Speaking to reporters at the sailing off, India's High Commissioner to Singapore Jawed Ashraf said the Eastern Team fleet is continuing India's commitment and objective to see the oceans remain "peaceful, open space and uncontested".
"These ships are on their way to MALABAR exercise with the navies of United States and Japan, and one of them, INS Sahyadri, will take part in the 'RIMPAC' exercise," he said.
RIMPAC or the Rim of Pacific Exercise is the biggest maritime warfare exercise involving navies of several countries. It is held by the US Navy biennially in the ocean around Hawaii.
The US-Japan-India joint naval exercise comes amidst flexing of muscles by China in the regional waters.
During the deployment while on MALABAR exercise, the ships will be building partnerships and closer bonds with the navies of Thailand, Malaysia, Indonesia and Vietnam.
"In a way, our engagement with the region is growing with regular exercises," he said, stressing on the excellent relations with major maritime power.
INS Sahyadri and INS Kamorta as well as tanker INS Shakti, with 730 navy personnel, were in Singapore for three days, interacting with the local Navy.
Mr Ashraf underlined India and Singapore's naval relations, which last year saw visits by India's eight navy ships and two coast guard ships.
"With Singapore, we have the longest and uninterrupted exercise which has been going on for 25 years," he said.
The envoy also highlighted the success of Indian Ocean Naval Symposium, a platform where navies can communicate with each other and develop a sense of understanding, which has now grown to 34 member countries including Singapore.
MILAN, he said, was another naval exercise promoting multi-lateral exercises and understanding in managing oceans.
"We are conscious of the need to work with others (navies) to prevent any contesting in the Ocean," said the envoy, adding that the Indian Ocean remains most peaceful and the most uncontested region.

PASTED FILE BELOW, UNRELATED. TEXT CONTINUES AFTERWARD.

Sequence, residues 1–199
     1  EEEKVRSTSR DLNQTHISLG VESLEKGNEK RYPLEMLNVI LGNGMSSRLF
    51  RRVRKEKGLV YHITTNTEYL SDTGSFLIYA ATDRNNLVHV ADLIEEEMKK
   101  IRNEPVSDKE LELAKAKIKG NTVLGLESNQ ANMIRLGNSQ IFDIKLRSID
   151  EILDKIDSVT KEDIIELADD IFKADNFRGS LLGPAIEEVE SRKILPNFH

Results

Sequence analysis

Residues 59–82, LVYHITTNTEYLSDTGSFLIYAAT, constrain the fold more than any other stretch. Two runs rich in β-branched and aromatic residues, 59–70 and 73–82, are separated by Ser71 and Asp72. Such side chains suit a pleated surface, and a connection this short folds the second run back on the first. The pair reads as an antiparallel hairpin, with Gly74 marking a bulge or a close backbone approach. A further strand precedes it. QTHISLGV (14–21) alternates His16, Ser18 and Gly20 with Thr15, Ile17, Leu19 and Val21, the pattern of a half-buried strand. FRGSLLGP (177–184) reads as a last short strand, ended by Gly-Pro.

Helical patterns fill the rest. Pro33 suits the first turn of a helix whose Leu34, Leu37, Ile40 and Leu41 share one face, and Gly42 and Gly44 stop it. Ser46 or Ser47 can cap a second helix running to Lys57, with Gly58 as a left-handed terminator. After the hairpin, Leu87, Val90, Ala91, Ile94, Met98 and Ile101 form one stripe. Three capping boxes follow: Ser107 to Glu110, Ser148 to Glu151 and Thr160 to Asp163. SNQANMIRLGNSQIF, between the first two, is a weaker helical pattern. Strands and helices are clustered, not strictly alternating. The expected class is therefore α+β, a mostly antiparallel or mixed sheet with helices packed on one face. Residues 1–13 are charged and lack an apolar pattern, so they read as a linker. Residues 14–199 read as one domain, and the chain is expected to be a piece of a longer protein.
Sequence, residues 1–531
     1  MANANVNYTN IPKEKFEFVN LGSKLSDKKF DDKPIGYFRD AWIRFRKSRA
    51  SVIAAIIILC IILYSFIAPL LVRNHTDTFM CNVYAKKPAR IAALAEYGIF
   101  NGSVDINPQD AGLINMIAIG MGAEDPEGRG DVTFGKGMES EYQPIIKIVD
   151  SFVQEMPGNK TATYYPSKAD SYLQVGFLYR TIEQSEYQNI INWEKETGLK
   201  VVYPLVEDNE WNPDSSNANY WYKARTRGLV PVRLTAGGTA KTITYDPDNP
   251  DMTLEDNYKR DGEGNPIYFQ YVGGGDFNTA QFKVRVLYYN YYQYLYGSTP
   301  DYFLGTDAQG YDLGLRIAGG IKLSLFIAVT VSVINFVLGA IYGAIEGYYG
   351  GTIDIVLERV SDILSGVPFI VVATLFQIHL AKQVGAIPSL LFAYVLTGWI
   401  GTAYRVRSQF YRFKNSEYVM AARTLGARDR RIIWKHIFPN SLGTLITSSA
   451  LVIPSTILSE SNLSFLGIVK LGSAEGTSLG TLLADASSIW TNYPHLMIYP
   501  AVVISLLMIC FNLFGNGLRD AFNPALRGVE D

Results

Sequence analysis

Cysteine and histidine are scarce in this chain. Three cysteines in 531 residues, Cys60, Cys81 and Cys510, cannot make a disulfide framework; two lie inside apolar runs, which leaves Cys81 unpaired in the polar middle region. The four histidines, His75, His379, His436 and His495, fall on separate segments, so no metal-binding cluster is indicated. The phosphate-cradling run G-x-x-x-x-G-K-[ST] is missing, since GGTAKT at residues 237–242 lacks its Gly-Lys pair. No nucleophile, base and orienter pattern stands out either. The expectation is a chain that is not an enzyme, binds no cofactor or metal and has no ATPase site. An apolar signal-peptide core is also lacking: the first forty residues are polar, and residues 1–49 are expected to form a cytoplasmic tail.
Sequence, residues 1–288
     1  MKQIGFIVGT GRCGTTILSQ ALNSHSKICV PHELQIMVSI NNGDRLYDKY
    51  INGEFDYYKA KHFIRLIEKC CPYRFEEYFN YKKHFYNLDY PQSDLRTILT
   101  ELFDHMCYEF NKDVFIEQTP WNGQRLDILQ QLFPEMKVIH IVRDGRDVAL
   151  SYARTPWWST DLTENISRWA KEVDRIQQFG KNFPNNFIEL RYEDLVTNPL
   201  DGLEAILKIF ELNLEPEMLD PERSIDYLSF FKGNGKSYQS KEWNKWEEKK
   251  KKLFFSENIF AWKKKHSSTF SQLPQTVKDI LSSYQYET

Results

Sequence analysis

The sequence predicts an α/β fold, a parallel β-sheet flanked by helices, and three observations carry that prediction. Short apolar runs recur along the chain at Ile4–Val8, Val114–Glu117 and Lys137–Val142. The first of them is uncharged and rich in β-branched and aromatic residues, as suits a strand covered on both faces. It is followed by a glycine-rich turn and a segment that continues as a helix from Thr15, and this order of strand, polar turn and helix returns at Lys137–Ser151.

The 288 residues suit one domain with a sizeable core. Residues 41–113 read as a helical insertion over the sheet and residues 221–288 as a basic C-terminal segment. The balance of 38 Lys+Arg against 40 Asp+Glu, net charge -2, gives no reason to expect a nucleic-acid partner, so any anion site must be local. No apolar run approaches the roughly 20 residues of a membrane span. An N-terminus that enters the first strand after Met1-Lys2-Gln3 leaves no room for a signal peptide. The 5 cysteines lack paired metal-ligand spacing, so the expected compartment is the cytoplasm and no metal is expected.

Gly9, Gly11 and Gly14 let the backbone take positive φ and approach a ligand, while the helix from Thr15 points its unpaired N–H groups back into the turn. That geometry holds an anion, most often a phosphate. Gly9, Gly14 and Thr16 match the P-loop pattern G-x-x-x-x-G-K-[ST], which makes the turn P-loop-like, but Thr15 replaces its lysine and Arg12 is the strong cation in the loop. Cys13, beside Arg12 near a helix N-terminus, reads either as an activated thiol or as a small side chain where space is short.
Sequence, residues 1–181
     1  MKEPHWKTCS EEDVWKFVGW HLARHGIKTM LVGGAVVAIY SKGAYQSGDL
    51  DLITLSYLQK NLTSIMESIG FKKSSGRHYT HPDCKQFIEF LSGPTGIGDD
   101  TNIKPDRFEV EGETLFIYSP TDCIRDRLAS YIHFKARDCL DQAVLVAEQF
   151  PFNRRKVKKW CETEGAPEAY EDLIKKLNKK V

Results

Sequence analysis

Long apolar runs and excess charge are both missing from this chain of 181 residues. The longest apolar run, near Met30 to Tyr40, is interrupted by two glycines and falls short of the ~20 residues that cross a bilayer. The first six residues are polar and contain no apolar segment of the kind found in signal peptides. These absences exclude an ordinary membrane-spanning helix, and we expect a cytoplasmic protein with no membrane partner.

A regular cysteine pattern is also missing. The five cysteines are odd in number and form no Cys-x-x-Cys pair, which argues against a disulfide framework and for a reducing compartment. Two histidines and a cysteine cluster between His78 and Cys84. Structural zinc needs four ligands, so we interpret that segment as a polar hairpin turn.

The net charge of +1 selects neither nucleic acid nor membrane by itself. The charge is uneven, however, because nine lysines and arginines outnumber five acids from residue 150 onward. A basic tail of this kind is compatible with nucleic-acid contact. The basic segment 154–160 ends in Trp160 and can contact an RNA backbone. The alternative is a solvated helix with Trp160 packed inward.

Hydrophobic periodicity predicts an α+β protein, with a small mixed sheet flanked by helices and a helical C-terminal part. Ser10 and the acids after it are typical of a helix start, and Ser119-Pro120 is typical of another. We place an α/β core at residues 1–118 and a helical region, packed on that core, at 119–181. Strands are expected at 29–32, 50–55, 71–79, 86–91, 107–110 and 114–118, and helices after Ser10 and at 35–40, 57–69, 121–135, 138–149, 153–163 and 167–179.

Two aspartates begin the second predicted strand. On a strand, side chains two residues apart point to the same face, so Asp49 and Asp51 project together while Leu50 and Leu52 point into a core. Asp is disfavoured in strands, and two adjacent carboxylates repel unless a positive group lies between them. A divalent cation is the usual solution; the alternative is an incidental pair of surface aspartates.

The US had last week warned China that it would face "consequences" for military buildup in the disputed South China Sea in the Pacific Ocean where Beijing has deployed anti-ship cruise missiles and surface-to-air missile systems.
China is engaged in hotly contested territorial disputes in both the South China Sea and the East China Sea. China claims almost all of South China Sea. Vietnam, Philippines, Malaysia, Brunei and Taiwan have counter claims.
In April, the Chinese military held its largest ever maritime drill in the disputed South China Sea during which it displayed for the first time the country's aircraft carrier strike group and the most advance weaponry of the People's Liberation Army (PLA).
The drill was held amid frequent forays made by US naval and aircraft into the South China Sea to assert the freedom of navigation especially around the artificial islands built by China, where it has also established garrisons.
Meanwhile, the Indian High Commission said the visit of naval ships seeks to underscore India's peaceful presence and solidarity with friendly countries towards ensuring good order in the maritime domain.
"Indian Naval assets have been increasingly deployed in recent times to address the main maritime concerns of the region. The current deployment will contribute towards the Indian Navy's efforts to consolidate inter-operability and forge strong bonds of friendship across the seas," it said in a statement.
India and Singapore share a rich history and a strategic relationship, it said, adding that a number of bilateral agreements exist between the two countries in various spheres.
An Indian naval delegation also interacted with Republic of Singapore Navy (RSN) representatives during their visits on board under construction RSN's new Littoral Mission Vessel (LMV) RSS Justice and at International Fusion Centre.
The three Eastern Fleet Ships had arrived in Singapore on 6 May.